Hearing loss is a common condition that affects millions of Americans. The most common cause of impaired hearing is aging, but hearing loss may be caused by many things, including excessive noise, drugs and heredity.
People may not realize they are experiencing hearing loss, or may accept their inability to hear clearly as just a part of growing older. Perhaps that is why only about one in five people that could benefit from wearing a hearing aid do so.
The well-trained and experienced team of Springfield Clinic's Audiology Department wants to ensure that you hear to the absolute best of your ability. They believe hearing is essential to quality of life and make certain that you are carefully evaluated and treated to reach your optimal level of hearing. They offer the latest in hearing technology to deliver improved hearing for patients, as well as hearing aid repair and hearing aid testing.
To maximize the outcome for infants who are deaf or hard of hearing, the hearing of all infants should be screened at no later than one month of age. Those who do not pass screening should have a comprehensive audiological evaluation at no later than three months of age. Infants with confirmed hearing loss should receive appropriate intervention at no later than six months of age from health care and education professionals with expertise in hearing loss and deafness in infants and young children.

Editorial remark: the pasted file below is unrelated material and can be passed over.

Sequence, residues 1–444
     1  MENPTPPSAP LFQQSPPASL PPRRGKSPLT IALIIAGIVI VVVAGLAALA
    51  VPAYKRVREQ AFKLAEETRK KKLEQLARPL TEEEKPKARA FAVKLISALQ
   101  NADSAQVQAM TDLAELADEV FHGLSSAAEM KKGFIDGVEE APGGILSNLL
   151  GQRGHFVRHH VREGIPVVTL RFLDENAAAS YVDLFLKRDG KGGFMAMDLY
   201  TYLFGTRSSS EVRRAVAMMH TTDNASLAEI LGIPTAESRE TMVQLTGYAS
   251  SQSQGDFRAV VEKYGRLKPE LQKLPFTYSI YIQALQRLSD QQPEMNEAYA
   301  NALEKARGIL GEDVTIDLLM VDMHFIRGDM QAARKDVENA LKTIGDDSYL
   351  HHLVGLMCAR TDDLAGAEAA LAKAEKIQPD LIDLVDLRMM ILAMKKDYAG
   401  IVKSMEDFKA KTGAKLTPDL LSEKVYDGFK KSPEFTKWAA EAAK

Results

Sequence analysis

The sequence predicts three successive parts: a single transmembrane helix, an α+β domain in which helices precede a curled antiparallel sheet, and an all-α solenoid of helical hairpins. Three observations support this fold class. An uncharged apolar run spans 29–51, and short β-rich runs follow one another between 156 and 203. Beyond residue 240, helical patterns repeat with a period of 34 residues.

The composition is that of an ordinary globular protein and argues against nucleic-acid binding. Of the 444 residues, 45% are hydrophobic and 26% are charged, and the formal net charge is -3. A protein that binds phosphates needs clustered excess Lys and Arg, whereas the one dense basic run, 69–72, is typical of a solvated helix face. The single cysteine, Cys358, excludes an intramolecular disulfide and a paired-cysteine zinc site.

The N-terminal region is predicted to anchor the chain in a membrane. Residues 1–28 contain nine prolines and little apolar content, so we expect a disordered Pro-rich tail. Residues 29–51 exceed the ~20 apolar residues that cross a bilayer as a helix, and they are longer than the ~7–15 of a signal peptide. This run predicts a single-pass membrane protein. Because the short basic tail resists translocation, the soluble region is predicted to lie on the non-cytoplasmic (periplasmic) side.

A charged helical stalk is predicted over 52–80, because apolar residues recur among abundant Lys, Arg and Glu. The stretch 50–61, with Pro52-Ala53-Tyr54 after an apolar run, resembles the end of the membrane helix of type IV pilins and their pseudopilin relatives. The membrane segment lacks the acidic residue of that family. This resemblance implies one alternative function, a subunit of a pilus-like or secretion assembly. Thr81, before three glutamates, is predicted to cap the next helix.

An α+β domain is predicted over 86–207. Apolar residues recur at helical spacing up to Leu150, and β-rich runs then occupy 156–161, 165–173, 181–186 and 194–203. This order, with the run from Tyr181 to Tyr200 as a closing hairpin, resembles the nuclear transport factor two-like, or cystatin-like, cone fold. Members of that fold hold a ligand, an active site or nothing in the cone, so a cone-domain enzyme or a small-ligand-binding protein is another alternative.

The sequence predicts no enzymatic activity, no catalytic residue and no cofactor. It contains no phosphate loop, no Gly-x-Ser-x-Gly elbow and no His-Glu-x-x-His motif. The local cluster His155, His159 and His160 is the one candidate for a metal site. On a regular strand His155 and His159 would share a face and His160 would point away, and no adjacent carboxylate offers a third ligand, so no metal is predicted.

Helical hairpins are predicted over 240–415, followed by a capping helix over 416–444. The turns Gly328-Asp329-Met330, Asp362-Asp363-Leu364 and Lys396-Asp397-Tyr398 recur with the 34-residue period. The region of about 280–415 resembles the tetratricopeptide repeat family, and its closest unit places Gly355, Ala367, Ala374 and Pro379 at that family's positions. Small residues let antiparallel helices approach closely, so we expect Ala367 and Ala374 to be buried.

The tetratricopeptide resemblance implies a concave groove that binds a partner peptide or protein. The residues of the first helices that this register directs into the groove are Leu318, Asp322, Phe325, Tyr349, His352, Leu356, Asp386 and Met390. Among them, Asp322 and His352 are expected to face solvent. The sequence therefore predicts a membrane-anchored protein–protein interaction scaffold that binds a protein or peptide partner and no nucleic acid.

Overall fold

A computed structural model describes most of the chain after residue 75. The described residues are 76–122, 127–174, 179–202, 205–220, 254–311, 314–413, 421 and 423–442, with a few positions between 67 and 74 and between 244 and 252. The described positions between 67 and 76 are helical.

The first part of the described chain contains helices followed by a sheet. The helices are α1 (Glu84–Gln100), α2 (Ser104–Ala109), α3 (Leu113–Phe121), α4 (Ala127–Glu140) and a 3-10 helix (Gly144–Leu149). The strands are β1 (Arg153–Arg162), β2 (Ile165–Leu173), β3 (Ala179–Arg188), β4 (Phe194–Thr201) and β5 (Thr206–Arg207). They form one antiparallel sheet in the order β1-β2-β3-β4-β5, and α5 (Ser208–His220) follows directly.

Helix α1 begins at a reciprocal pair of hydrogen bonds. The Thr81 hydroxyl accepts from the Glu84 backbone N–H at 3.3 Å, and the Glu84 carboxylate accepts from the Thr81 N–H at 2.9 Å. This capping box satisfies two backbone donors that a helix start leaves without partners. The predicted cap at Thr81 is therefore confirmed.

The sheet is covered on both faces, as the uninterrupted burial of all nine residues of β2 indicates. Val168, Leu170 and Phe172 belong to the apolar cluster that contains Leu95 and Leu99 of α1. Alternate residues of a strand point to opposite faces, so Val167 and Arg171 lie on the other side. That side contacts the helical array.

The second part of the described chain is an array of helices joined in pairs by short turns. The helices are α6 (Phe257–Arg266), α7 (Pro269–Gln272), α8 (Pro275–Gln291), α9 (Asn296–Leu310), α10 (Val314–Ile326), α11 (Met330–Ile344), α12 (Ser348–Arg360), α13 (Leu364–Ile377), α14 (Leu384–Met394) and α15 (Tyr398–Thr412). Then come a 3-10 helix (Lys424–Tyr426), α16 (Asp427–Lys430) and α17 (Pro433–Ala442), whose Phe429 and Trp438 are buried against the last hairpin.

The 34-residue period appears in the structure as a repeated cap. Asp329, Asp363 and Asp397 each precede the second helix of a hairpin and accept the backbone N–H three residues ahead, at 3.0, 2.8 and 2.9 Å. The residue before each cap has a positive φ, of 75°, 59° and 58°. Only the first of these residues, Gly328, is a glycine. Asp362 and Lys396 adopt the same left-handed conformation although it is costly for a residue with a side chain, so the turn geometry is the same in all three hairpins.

Regardless of previous hearing-screening outcomes, all infants with or without risk factors should receive ongoing surveillance of communicative development beginning at two months of age during well-child visits at the doctor's office.
Screen infants and toddlers who have not previously received and passed hearing screening, or if they have indicators associated with congenital or acquired hearing impairment. Such indicators include:
Some children may pass an initial hearing screening, but be at risk for fluctuating, delayed-onset, or progressive sensorineural and/or conductive hearing impairment. Those children's hearing should be monitored at least every six months until three years of age, and at regular intervals thereafter dependent on the risk factor.
Preschool children are screened as needed, requested, or mandated, or when they have conditions that place them at risk for hearing impairment.
Indicators associated with delayed-onset, progressive or acquired hearing impairment include:
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